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Climate Policies: 26 European groups put to the test

The climate policies of major European groups are clearly improving but still fail to meet the challenges with the necessary ambition and resources.

In 2018, the European Union set itself the goal of becoming carbon neutral by 2050. Since then, more and more companies from around the continent have been communicating their commitments to contribute to this ambition. 

In this second edition of our study on the Climate Policies of Major European Companies, we analyse the publications of 26 European companies. The following questions are addressed in this study; What do groups publish (or not publish) in their reporting? How is their climate strategy constructed? What do their action plans demonstrate (or fail to demonstrate)?

Diagram showing the steps involved in setting up a climate action plan

Together the 26 selected groups must eliminate more than 4.5 billion tonnes of CO2, which is almost as much as the emissions of the United States in 2021, the world's second largest emitter.

Diagram showing the 26 groups that were tested, placed in their sectors of activity

Climate reporting is gradually becoming clearer and more comprehensive, but there is still a way to go for scope 3 emissions

Increased use of the various international reporting standards (CDP, GHG, TCFD, SBTI) has improved data access, clarity of reporting, completeness, and comparability. 60% of the companies analysed are now using the TFCD compared to 2020.

Table listing the issues that need to be addressed to see a real improvement in the published reports

On the other hand, scope 3 emissions (indirect emissions other than those related to energy consumption) are not reported in a sufficiently exhaustive manner in relation to the CDP's sectoral recommendations. However, they account for an average of 90% of the emissions of large European groups. Only 5 of the 26 companies analysed measure their scope 3 emissions exhaustively.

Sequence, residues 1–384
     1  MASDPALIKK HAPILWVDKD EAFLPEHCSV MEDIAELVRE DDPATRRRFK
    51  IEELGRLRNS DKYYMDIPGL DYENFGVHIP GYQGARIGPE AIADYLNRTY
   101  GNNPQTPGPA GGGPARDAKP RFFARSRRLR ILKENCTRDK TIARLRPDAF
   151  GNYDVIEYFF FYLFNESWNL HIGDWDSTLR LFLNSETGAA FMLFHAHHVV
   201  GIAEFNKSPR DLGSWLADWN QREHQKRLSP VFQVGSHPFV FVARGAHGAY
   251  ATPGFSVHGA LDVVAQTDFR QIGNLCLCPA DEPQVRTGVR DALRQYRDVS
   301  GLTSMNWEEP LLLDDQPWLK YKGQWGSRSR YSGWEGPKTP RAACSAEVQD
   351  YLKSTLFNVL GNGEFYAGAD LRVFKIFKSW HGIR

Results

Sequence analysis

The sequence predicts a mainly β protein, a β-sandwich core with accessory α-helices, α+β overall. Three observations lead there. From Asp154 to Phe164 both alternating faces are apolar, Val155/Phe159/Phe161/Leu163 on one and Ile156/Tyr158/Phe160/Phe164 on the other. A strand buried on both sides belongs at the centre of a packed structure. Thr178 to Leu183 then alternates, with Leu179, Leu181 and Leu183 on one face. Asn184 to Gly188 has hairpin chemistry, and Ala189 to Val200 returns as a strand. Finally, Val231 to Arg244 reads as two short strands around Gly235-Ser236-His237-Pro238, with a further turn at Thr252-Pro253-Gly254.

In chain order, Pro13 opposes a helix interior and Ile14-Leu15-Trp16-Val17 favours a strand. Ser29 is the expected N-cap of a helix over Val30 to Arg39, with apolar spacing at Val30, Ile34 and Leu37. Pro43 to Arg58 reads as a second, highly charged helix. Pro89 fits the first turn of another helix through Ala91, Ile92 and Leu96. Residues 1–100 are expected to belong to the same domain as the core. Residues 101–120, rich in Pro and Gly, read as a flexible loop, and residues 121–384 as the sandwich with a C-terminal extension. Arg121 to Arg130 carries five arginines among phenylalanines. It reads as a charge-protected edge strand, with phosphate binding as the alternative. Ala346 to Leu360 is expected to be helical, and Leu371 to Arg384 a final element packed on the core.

Behind this blind spot are two major elements, owing to their quantitative importance but also to the increased responsibility they involve: emissions linked to the use of products sold (74% of scope 3 emissions) and emissions linked to products and services purchased by the company (8%).

Climate strategies are becoming more structured, but there is still a lack of vision and accountability among leaders

All the companies analysed mention climate in their strategy. However, the way in which the climate strategy is integrated into the company's overall strategy is still marked by a structural weakness: climate is too often a "side issue", an "add-on" to the overall strategy. 

Their objectives are becoming more ambitious but cover partial perimeters: indicators, activities or geographical areas excluded from the defined objectives, and are rarely translated into concrete terms for managers. The objectives are distant, and performance is not assessed through them.

Finally, despite scientific papers and criticism from civil society, the notion of 'carbon neutrality' is almost systematically misused in communications.

Diagram showing the companies in terms of their carbon neutrality over the years. Shows that some groups are drastically reducing their emissions.

Note: for a certain number of groups, the information communicated does not make it possible to monitor progress toward the objective (blurry scope, emissions in the reference year used but not communicated, progress not communicated).

Source: Sia Partners analysis based on 2021 annual, CSR and/or climate reports and the websites of the groups concerned, as of August 30, 2021

Climate action plans are full of initiatives but struggle to demonstrate the scale of the transformation of groups

Numerous tangible actions with intermediate and quantifiable objectives have been defined in the various sectors: climate criteria for evaluating projects to be financed, internal price of CO2, supply of renewable energy, sobriety of practices, investments in sustainable activities, projects or products, improvement of industrial processes, innovative projects and experiments, actions to reduce the impact of deforestation, evaluation and remuneration criteria linked to climate objectives, gradual end of the most polluting activities, etc. But beyond the diversity and number of projects and initiatives, key questions to address include; what is the scale of the actual transformation of companies? What is the real structural impact on the company's activities? What are the dynamics of the projects that have a climate impact? Is the business portfolio really shifting towards low-carbon activities?

Reporting, strategy, and climate action plan still need to be improved: it is necessary to shift from a communication tool to a practical tool that questions and accounts in order to change the scale of ambition as well as the means allocated.

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